When you were in college, did you go to career fairs? If you did, can you remember what made some companies stick out more than others? It probably wasn’t flashy signs or mounds of “swag” they used to reel you in. If you actually remember anyone from those events, it’s likely because you either formed a relationship with someone or you ultimately went to work for them.
Campus recruiting events can be a home-run for companies if they are done right. Bringing in new, young talent allows a business to get fresh ideas into day-to-day operations. Not to mention, hiring a new grad allows a company to mold them into the employee they need. Unfortunately, many companies do it wrong and up leaving these events empty-handed.
So, what mistakes should recruiters be mindful about avoiding?
Picking the Wrong Schools
If you are an emerging technology company, would it make sense to set up shop at a school where the vast majority of students are majoring in agricultural studies? Sure, there is a need for technology on the farm, but that’s a job for salespeople, not recruiters.
It’s important to do your research about what schools you will be presenting your company at. If you require your new hires to have an advanced degree, it doesn’t make sense to go to an undergrad recruitment fair. Likewise, if there is a school that pops out at you on a resume, definitely sign up for an event there to get more of the talent you already know you like.
Using Outdated Technology
Remember way, way back when Facebook was only offered to college students, and then it became available to everyone (including their parents)? The platform is still wildly successful, but it’s very different now and younger generations have less interest in it. If you’re trying to bring in young talent, you need to understand their generation. Would you ever consider setting up a desktop computer at your table, and asking prospective candidates to browse your company’s website using dial-up internet? No. Because it’s outdated.
As job fair season approaches, take your time to learn about the latest technologies - whether its a platform they will be using on the job, or how you physically show them your company’s website. Microsoft Office isn’t going to impress anyone that is currently enrolled in a university, so try to find the technology that will.
Trying Too Hard
Have you ever heard a grown man/woman use some kind of slang in everyday conversation that makes you cringe? That’s trying too hard. The recruitment equivalent of this is trying to sell your company by promising bean-bag chairs and ping-pong tables, or offering a “happy hour” event for students over 21 after the fair.
While the ping-pong and free beer may bring people in, it won’t make them stay (and if you offer college kids free food and drinks, they will almost certainly show up to your event - even if they have no interest in your company). Instead of promoting what you think your target audience wants to hear, do some actual research to find out what it is they are looking for in a job. Look at the trends in their generation and highlight perks that associate with those trends such as flexible hours, work from home, or unlimited vacation.
Sending The Wrong Recruiters
Going to a college career fair is a long day for a recruiter. There is set-up and tear-down as well as a lot of talking to total strangers. It’s easy to lose steam by the end of the day. However, students with early classes are the ones showing up to job fairs at the end of the day, and if the recruiter those students engage with is burned out, exhausted, and uninterested then there is no way they will be able to sell the company.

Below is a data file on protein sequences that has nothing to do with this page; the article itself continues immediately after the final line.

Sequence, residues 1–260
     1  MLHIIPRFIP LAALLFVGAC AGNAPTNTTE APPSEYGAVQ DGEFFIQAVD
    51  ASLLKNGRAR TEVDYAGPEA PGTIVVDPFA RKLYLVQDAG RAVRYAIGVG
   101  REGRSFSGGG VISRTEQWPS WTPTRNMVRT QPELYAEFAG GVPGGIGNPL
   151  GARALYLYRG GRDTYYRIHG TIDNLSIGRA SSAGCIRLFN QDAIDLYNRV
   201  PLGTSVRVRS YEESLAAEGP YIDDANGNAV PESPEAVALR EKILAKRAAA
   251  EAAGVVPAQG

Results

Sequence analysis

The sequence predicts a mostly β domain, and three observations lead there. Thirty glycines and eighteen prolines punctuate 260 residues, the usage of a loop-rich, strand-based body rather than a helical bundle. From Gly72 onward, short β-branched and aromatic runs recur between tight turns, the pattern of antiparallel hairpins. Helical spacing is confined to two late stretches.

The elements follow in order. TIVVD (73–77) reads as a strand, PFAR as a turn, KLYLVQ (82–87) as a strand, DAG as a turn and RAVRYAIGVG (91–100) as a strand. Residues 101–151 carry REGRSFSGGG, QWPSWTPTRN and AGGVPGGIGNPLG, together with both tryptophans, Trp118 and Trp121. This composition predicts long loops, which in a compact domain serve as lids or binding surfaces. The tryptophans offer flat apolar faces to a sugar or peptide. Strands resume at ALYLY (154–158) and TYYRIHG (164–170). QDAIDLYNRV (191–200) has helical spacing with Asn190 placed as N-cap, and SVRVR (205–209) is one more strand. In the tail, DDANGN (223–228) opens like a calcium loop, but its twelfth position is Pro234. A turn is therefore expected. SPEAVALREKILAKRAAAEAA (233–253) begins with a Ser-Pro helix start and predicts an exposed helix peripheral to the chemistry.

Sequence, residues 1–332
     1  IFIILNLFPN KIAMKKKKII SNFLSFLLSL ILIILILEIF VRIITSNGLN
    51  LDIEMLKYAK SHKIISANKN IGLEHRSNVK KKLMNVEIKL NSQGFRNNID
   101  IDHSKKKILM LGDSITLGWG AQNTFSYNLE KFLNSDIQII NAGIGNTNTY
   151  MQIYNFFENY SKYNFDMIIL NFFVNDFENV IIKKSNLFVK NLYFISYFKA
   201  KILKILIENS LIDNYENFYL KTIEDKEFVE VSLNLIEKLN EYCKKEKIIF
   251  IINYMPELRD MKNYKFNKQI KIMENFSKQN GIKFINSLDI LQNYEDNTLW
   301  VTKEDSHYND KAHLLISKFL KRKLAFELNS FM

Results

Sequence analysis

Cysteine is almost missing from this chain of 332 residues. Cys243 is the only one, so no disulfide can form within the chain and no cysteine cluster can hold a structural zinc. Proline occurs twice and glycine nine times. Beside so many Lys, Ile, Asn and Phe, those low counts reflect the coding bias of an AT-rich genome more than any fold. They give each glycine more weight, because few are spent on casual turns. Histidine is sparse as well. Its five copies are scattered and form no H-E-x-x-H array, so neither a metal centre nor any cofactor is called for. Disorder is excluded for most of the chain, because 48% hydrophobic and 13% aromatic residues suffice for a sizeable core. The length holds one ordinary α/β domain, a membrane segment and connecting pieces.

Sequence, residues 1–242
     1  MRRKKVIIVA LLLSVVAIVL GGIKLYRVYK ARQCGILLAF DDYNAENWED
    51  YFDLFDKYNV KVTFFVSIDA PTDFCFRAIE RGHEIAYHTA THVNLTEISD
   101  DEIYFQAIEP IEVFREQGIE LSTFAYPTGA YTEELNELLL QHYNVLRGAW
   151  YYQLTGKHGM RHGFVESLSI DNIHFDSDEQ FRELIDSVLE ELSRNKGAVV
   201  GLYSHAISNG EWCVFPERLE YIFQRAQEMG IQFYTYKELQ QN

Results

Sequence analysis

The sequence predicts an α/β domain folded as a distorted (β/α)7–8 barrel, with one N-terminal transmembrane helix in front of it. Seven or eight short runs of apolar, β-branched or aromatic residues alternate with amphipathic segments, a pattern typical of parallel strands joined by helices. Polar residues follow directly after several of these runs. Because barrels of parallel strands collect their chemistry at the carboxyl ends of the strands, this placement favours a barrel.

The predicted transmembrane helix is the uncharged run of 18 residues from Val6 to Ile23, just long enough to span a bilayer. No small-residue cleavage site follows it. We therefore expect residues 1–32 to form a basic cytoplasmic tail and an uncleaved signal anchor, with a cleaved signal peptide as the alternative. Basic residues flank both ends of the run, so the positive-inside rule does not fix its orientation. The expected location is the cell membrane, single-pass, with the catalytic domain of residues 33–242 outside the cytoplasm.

Once you’ve signed up for a recruitment event, use strategy to staff it. Even the best recruiters get tired by the end of the day, so consider sending them in shifts (one recruiter + one top employee for four hours, then another set for the second half of the day). Also, like choosing the right schools, choose the right recruiters for the school. If the event is at a school with a lot of great technology programs send your tech recruiter - not your finance recruiter.
Not Following Up
College students will likely be some of the most passive candidates you’ll come across. If the event isn’t in a “time-crunch” period like just before graduation or the time to secure summer internships, these candidates have a lot of things on their plates (like a fulltime class schedule) so, dropping a quick note to a recruiter once in a while won’t be on the top of their minds.
To remedy this, create your own follow up system. If you find a star candidate, it will be on you to keep in touch with them and keep them engaged despite their mid-terms or finals schedule. Come up with a process before the job fair takes place, and create it in a way that everyone on your team has access to notes in case something changes and you’re no longer responsible for the role you had that student in mind for.
In order to attract young talent, a recruiter must be able to understand what it is they want and are looking for in a company. Unfortunately, job fairs aren’t the best places to really get to know someone, but its an opportunity to make a connection worth fostering long-term.
If you’re interested in learning more about the latest recruitment technologies, check out DeepHire.com or send me an email at firstname.lastname@example.org. I'd love to discuss your needs with you and help you get prepared for upcoming recruitment events.